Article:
photo by Marianne Barcelona
Steve Brodner has been a satirical illustrator for 30 years. He was born in Brooklyn, NY in 1954. Upon graduating Cooper Union in 1976 he got a cartooning job on a small newspaper, The Hudson Dispatch, in Union City, New Jersey. In 1977 The New York Times Book Review began tapping him for illustration assignments. This launched his freelance career. In 1979-82 he published his own journal, The New York Illustrated News. In 1981 he became a regular contributor to Harper's magazine with the monthly feature, "Ars Politica". In the 1980's more magazines asked him to contribute regularly. These included the National Lampoon, Sports Illustrated, Playboy and Spy. In 1988 Esquire brought him in as an unofficial house artist. It was there that he did portrait caricature, art journalism and a back-page political cartoon, "Adversaria". His caricatures of pop and political culture have appeared in most major publications in the United States.
In visual essays Steve Brodner has covered eight national political conventions for Esquire, The Progressive, the Village Voice and others. His article, "Plowed Under", a series of portraits and interviews with beleaguered farm families in the Midwest ran in The Progressive. "Shot From Guns", an art documentary about the Colt Firearms strike in Hartford, Connecticut appeared in Northeast magazine in 1989. For The New Yorker he covered Oliver North and the 1994 Virginia Senate race, the Patrick Buchanan presidential campaign, the Million Man March and an advance story on the Democratic Convention in Chicago, 1996. The Washington Post asked him to profile the Bob Dole presidential campaign in 1996. In spring 1997, he drew the South by Southwest Music Festival for Texas Monthly. That summer he climbed Mt. Fuji for Outside Magazine. That fall he did a piece on the New York City mayoral campaign for New York Magazine. His eight-page profile of George W. Bush appeared in Esquire in October, 1998. In 2000 he dealt with the difficult issue of guns in Pennsylvania for Philadelphia Magazine. Texas Monthly published his 10 page story on Colonias (Mexican Americans along the Texas border) called "In America", May, 2005.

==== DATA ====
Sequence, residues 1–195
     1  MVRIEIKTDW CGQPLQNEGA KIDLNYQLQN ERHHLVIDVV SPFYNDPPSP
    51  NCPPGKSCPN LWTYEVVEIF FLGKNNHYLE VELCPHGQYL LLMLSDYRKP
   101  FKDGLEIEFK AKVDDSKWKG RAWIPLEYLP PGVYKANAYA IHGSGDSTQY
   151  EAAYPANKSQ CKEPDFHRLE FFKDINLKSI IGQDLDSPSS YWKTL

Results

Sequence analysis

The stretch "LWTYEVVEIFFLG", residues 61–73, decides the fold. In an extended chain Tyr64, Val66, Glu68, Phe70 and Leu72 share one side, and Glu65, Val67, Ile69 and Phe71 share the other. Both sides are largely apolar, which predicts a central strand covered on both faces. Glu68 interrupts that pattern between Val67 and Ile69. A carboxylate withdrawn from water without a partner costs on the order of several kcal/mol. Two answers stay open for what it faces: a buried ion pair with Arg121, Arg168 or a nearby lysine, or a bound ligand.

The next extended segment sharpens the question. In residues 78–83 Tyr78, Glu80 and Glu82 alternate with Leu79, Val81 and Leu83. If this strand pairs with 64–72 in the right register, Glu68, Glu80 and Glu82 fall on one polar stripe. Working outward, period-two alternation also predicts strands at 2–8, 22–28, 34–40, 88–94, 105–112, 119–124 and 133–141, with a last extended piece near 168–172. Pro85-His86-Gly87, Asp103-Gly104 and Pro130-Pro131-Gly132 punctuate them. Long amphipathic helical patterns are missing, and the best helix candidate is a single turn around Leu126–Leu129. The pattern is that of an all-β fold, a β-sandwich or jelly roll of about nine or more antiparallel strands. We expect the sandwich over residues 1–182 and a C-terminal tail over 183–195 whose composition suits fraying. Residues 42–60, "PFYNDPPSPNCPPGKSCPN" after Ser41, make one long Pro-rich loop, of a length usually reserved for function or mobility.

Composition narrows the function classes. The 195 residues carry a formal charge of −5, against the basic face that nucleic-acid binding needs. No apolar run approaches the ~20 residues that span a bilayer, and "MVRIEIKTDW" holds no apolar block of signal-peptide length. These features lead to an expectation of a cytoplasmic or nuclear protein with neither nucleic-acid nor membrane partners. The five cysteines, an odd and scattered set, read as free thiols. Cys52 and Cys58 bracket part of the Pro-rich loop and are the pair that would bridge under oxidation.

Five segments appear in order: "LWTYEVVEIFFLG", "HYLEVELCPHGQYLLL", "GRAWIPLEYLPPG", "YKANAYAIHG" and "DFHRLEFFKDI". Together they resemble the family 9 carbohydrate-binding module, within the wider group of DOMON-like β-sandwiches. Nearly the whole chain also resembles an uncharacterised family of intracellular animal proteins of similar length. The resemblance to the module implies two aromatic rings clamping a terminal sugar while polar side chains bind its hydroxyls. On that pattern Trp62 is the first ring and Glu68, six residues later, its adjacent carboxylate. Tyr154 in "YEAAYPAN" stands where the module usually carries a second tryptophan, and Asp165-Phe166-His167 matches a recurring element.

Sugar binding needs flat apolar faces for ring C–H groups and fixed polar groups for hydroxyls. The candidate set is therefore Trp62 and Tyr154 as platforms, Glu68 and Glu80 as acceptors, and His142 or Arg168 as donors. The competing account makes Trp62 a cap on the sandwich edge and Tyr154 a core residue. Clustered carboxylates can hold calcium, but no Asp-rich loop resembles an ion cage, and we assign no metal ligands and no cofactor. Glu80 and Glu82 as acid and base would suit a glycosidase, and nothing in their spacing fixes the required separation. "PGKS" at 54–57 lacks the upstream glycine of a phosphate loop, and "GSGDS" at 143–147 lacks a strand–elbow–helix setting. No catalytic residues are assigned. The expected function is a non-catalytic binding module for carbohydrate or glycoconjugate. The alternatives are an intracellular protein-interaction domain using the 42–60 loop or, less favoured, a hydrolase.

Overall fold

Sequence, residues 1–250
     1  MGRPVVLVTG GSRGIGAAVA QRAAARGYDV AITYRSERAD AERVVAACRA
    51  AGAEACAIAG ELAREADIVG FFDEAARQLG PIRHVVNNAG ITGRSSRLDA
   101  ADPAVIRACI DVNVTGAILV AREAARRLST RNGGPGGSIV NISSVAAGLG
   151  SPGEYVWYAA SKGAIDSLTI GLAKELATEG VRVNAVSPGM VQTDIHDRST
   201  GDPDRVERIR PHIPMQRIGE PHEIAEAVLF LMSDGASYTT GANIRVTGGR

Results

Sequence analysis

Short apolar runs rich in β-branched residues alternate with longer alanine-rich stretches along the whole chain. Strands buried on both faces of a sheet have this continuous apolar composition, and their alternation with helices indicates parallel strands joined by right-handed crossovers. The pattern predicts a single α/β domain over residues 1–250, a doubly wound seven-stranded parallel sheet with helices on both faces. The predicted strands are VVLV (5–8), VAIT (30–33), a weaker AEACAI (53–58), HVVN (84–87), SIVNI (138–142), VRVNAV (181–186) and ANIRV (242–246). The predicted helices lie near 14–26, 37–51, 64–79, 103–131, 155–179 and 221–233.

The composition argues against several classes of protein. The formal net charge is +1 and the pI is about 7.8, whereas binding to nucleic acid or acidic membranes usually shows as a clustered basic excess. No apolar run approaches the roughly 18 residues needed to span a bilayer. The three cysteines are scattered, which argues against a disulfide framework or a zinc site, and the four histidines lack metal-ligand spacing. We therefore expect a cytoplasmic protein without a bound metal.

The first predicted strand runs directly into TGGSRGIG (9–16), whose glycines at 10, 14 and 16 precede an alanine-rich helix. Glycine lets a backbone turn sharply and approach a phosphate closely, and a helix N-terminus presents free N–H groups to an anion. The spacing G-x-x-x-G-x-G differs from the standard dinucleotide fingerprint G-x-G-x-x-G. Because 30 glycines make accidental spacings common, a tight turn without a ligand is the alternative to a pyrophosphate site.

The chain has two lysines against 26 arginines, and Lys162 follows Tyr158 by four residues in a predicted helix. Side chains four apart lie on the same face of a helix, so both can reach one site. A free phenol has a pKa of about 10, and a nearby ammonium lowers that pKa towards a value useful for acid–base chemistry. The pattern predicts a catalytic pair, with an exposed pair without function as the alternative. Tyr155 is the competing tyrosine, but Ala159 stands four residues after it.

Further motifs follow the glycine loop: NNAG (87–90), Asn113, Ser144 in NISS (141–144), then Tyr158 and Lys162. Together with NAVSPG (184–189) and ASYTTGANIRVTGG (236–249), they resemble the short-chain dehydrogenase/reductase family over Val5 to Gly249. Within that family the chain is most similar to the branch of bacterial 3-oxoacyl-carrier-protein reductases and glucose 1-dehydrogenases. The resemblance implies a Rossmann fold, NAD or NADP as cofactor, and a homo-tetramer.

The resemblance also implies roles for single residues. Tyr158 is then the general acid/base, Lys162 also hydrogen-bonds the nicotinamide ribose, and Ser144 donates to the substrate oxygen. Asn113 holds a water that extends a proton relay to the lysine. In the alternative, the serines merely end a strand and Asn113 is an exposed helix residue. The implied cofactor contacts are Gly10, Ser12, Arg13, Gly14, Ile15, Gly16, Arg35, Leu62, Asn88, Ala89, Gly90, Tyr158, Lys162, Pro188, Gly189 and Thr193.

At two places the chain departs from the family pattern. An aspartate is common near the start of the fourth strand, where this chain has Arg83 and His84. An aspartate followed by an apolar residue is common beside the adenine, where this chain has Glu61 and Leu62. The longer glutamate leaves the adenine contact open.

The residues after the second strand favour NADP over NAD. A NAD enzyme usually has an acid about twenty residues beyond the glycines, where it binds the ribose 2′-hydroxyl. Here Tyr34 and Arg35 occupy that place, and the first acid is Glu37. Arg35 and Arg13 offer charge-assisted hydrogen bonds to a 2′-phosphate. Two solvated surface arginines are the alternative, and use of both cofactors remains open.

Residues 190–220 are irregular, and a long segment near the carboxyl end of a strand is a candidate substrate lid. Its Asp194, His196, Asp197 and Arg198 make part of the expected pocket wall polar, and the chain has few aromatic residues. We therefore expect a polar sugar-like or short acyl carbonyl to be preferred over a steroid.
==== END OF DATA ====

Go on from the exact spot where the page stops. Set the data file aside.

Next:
His first book, "Fold 'N Tuck", an outgrowth of his Esquire page, was published in 1990 by Doubleday. His animated film and book "Davy Crockett" was produced by Rabbit Ears Productions in 1992. He illustrated the book "Sharing the Pie" by Steven Brouwer which was published in 1997 by Henry Holt. His collected political work was published in "Freedom Fries", by Fantagraphics Books, 2004.
From 1992-97 his weekly feature "Tomorrow's News Tonight" was syndicated nationally. He is currently editor of The Nation's cartoon feature, Comix Nation.
His documentary short "September, 2001" was shown in conjunction with the Sundance Film Festival, 2002.
In 1996 Brodner was a commentator in PBS's Frontline documentary about the presidential election, "The Choice", in which he drew on camera.
In 1998 he designed and painted the movie poster for Warren Beatty's "Bulworth".
In 2004, guest appearances on This Week with George Stephanopoulos, The Leonard Lopate Show, PBS Chicago etc.
He teaches narrative art at the School of Visual Arts.
Numerous awards from the Society of Illustrators, Art Directors Club, SPD, SND, American Illustration, Communication Arts.
The 2000 Aronson Award for Social Justice Journalism.
2005 Society of Illustrators Hamilton King Award
Steve Brodner lives in New York City with his wife, writer and actress Anne Pasquale and their daughter Terry.